To be clear, I don’t think Reading Recovery should be responsible for increasing knowledge of the world. It’s a targeted program that’s getting a great deal from a relatively small amount of instructional time (about 30 minutes a day for 12–20 weeks). So my point is not that Reading Recovery should change—it’s that schools using Reading Recovery need to be very strategic about when to deliver the intervention. What will the student miss? Is there any way to not miss anything, to deliver Reading Recovery before or after school? Or perhaps during silent reading time, which these low-achieving first graders may only minimally benefit from?

It may seem that there’s nothing more important in first grade than developing basic reading skills. But in fact, research indicates that building general knowledge is just as important—possibly even more important. In a 2010 study by David Grissmer et al., general knowledge at kindergarten entry was a better predictor of fifth-grade reading ability than early reading skills. General knowledge also predicted later science and math achievement:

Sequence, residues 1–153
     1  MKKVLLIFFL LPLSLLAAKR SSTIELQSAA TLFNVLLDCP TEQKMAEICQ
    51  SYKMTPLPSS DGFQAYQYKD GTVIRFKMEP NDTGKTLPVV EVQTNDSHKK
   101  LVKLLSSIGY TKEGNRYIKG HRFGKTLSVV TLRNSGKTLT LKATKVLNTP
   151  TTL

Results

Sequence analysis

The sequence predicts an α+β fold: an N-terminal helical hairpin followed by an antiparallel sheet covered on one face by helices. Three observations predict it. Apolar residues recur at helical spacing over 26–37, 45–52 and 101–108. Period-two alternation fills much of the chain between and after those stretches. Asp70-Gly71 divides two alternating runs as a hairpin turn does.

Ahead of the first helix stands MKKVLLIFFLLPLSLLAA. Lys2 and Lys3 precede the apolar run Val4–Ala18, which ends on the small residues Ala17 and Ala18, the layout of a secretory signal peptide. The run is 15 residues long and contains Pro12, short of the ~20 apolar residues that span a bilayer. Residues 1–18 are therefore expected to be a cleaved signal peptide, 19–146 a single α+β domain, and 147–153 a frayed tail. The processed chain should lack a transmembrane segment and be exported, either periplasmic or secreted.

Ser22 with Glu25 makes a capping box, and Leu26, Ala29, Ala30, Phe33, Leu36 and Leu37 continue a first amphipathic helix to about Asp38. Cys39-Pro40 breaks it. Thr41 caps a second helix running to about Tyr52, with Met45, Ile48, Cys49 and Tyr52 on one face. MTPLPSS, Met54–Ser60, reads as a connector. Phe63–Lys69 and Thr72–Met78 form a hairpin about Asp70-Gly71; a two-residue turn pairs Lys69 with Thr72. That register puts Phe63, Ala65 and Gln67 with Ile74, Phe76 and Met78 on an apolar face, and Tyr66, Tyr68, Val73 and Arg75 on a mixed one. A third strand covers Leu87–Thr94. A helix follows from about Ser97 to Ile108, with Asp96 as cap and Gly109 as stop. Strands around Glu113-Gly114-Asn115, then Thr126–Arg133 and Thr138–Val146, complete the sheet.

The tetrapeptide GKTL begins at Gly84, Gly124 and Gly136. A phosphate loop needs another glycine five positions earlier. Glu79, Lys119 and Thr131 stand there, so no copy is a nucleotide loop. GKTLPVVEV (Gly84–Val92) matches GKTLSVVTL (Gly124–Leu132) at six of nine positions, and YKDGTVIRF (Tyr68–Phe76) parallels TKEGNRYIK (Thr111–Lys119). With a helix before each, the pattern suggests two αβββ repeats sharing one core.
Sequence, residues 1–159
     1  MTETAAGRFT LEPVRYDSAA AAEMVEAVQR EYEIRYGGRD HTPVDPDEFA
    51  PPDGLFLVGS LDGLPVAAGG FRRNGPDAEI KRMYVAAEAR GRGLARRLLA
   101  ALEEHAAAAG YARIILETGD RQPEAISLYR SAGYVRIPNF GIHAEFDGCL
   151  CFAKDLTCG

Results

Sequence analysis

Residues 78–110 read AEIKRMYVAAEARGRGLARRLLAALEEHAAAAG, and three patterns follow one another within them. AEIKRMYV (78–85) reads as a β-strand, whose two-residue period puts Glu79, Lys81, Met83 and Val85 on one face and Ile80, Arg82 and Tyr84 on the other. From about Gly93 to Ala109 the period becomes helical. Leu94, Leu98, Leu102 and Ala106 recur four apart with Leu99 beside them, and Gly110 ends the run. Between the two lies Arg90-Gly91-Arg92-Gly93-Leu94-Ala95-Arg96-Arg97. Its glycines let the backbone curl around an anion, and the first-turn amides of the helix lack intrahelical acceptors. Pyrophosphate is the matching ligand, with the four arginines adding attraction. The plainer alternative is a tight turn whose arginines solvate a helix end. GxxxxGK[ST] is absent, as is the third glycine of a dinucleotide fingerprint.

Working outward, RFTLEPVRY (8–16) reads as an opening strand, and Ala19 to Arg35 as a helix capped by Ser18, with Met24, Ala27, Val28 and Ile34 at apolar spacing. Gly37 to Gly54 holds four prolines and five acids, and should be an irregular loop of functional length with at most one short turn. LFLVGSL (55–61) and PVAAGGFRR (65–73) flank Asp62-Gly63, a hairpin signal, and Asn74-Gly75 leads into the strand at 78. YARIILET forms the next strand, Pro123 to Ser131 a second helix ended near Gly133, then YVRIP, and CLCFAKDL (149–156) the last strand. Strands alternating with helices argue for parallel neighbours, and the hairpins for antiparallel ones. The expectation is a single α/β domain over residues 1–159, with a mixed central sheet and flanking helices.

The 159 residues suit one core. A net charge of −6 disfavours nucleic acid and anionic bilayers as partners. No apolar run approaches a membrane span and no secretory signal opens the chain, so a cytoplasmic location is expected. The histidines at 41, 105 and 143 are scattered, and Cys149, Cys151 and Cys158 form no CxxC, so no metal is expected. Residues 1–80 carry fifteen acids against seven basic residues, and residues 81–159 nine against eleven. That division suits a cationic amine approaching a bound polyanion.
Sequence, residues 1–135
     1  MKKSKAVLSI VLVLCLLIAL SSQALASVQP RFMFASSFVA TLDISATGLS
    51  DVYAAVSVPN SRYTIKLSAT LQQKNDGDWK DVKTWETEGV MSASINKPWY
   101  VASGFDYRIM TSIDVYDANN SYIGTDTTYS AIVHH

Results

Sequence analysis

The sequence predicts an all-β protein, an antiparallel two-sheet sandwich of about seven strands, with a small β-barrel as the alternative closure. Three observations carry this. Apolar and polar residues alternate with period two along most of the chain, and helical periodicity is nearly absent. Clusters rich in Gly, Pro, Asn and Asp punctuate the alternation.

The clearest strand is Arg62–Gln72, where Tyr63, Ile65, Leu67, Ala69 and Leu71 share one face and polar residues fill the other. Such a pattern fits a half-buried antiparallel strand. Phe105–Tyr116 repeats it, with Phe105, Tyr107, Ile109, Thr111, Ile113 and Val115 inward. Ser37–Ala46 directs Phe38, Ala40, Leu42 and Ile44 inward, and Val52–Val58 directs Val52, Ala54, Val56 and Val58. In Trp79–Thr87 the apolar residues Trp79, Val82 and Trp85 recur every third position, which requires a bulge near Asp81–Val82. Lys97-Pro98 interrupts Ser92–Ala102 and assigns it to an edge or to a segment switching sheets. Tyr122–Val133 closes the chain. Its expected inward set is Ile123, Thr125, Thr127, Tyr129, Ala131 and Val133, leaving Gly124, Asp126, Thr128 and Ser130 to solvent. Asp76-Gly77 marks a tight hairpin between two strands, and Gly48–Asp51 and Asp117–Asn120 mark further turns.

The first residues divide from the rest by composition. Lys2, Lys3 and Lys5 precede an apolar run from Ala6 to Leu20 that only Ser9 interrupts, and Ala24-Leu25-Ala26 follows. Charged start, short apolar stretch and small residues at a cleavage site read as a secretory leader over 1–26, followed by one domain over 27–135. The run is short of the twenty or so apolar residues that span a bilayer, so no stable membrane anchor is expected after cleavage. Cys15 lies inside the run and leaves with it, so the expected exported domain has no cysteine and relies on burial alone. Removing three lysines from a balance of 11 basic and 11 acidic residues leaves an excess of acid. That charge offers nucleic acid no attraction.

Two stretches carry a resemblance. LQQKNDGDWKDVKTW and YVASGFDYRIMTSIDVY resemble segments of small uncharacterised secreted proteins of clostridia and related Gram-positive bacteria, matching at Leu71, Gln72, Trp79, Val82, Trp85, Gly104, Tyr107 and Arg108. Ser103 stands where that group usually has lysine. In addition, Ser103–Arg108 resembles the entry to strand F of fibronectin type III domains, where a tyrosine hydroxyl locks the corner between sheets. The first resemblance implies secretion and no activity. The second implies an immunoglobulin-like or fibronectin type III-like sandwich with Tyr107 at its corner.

[The] general knowledge test measured the child’s early comprehension of physical and social science facts. Whereas the early math and reading tests focused mainly on procedural knowledge, the general knowledge test focused mainly on declarative knowledge (i.e., elementary knowledge or comprehension of the external world). General knowledge was the strongest predictor of later reading and science and, along with earlier math, was a strong predictor of later math…. Paradoxically, higher long-term achievement in math and reading may require reduced direct emphasis on math and reading and more time and stronger curricula outside math and reading.

This is a powerful finding: Kindergartners’ general knowledge is critical to their reading, science, and math achievement at the end of elementary school. So, building students’ knowledge—as much as possible and as early as possible—is critical too.